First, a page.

Hi! This is your first essay, it is focused on the second question. In a moment I'll send the other essay!

Migration on Women

1

Male migration generates a diversity of family and social situations that distort personal
and community coexistence, causing changes in ways of life, in production processes, and the
culture of the regions. The poorest families are left in charge of women, having to live varied
experiences. Poverty for them is cruder since they have to face discrimination for access to
economic, social, and political resources, so women suffer the costs of migration.
In the migratory process, the ways of interacting with families are modified. The internal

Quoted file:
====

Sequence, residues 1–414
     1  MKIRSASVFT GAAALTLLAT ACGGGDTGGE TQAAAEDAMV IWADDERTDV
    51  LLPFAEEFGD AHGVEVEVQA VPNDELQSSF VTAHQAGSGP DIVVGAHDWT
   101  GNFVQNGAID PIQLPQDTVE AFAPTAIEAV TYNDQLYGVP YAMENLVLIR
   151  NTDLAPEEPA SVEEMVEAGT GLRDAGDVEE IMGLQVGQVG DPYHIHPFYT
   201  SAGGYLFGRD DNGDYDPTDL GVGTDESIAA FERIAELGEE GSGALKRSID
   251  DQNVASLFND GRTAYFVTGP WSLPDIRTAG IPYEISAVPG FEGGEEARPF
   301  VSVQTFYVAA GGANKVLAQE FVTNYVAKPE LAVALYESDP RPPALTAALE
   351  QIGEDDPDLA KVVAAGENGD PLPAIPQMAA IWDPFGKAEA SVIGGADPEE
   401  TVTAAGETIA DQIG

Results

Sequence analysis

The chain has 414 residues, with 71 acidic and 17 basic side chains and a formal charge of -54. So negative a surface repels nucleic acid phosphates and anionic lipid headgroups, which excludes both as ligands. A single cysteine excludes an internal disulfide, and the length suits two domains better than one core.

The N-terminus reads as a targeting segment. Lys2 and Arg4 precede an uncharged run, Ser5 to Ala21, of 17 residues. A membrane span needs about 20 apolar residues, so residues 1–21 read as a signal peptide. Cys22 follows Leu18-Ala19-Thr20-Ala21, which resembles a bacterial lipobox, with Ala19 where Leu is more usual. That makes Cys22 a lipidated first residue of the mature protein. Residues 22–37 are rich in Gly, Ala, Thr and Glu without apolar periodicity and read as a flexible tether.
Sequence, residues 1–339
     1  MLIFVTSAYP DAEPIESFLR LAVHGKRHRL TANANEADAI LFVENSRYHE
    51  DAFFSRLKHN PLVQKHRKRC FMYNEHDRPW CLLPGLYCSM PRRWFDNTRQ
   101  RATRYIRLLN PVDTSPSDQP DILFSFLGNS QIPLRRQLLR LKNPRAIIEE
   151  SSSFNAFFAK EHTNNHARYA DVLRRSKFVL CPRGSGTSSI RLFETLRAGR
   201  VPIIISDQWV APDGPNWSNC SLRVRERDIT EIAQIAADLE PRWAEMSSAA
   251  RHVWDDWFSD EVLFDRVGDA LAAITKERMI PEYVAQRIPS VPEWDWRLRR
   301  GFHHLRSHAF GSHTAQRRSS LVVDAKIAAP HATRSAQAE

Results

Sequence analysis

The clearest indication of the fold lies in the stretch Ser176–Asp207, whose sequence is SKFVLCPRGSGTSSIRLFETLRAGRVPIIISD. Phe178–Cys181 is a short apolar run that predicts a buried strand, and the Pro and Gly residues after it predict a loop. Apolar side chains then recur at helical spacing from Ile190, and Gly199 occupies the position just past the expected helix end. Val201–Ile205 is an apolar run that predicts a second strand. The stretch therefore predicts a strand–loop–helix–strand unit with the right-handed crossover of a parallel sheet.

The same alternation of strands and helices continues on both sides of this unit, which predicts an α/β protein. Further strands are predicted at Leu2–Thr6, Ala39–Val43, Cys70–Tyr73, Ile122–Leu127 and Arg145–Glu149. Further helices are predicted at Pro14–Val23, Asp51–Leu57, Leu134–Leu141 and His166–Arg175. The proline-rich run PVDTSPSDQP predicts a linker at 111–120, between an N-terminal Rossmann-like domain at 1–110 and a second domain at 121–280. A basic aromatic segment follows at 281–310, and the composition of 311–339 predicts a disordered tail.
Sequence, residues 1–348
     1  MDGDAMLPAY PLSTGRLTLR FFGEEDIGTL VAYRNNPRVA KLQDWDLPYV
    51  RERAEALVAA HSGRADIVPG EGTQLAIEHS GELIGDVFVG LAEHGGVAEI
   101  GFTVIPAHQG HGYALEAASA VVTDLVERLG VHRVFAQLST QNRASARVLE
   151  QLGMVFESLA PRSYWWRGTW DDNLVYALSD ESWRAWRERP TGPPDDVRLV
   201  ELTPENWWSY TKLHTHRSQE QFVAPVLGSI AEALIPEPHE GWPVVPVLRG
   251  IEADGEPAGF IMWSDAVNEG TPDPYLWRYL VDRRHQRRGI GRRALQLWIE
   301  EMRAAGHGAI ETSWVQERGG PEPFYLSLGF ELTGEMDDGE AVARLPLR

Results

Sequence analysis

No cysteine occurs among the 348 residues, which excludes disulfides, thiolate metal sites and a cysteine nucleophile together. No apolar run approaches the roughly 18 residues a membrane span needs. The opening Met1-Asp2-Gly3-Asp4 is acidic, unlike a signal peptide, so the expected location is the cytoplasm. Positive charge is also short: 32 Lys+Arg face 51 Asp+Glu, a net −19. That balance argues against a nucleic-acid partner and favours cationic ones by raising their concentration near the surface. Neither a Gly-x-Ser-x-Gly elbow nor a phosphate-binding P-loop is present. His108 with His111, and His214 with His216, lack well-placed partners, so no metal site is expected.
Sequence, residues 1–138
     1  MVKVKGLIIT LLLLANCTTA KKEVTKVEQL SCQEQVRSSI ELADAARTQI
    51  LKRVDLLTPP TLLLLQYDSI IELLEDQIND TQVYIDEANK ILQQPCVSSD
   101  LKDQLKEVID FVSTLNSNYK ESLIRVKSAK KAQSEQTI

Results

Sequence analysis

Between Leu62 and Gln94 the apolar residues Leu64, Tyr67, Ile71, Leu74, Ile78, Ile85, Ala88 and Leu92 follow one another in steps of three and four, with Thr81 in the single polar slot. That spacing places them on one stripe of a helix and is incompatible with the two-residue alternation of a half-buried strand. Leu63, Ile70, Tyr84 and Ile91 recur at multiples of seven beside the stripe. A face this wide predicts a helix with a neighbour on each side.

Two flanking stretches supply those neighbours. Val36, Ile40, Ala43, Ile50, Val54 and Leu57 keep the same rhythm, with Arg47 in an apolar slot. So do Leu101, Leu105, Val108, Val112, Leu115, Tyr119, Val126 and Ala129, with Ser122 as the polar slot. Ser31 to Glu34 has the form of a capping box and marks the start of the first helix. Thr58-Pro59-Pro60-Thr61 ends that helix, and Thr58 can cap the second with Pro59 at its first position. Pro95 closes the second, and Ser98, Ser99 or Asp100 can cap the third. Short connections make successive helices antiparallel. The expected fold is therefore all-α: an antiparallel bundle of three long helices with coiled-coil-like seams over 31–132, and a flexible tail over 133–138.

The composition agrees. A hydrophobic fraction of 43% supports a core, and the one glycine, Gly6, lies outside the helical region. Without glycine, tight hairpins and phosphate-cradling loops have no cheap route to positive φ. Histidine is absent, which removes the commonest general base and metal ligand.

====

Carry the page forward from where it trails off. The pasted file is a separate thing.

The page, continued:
position of women in home changes regarding the management of family income. The
remittances that are sent are handled by them, so they go from a model where authority is
exercised by the male to one in which she decides the destination of the resources together with
the daughters and sons.
Likewise, wives gain a greater presence in the public space due to their insertion in the
labor market and in the management of resources to improve the living conditions of family
members. The flexibility of traditional roles in the absence of the male who is leaving forces
women to assume responsibilities that do not correspond to the roles traditionally assigned, such
as maintenance and family representation. The migratory process generates transformations and
continuities in gender relations.
On the one hand, the conceptions of the role of men as economic providers of the family
continue to have an important symbolic connotation, because masculine power is associated with
the notion of sending remittan...

alormrz89 (1673)
UC Berkeley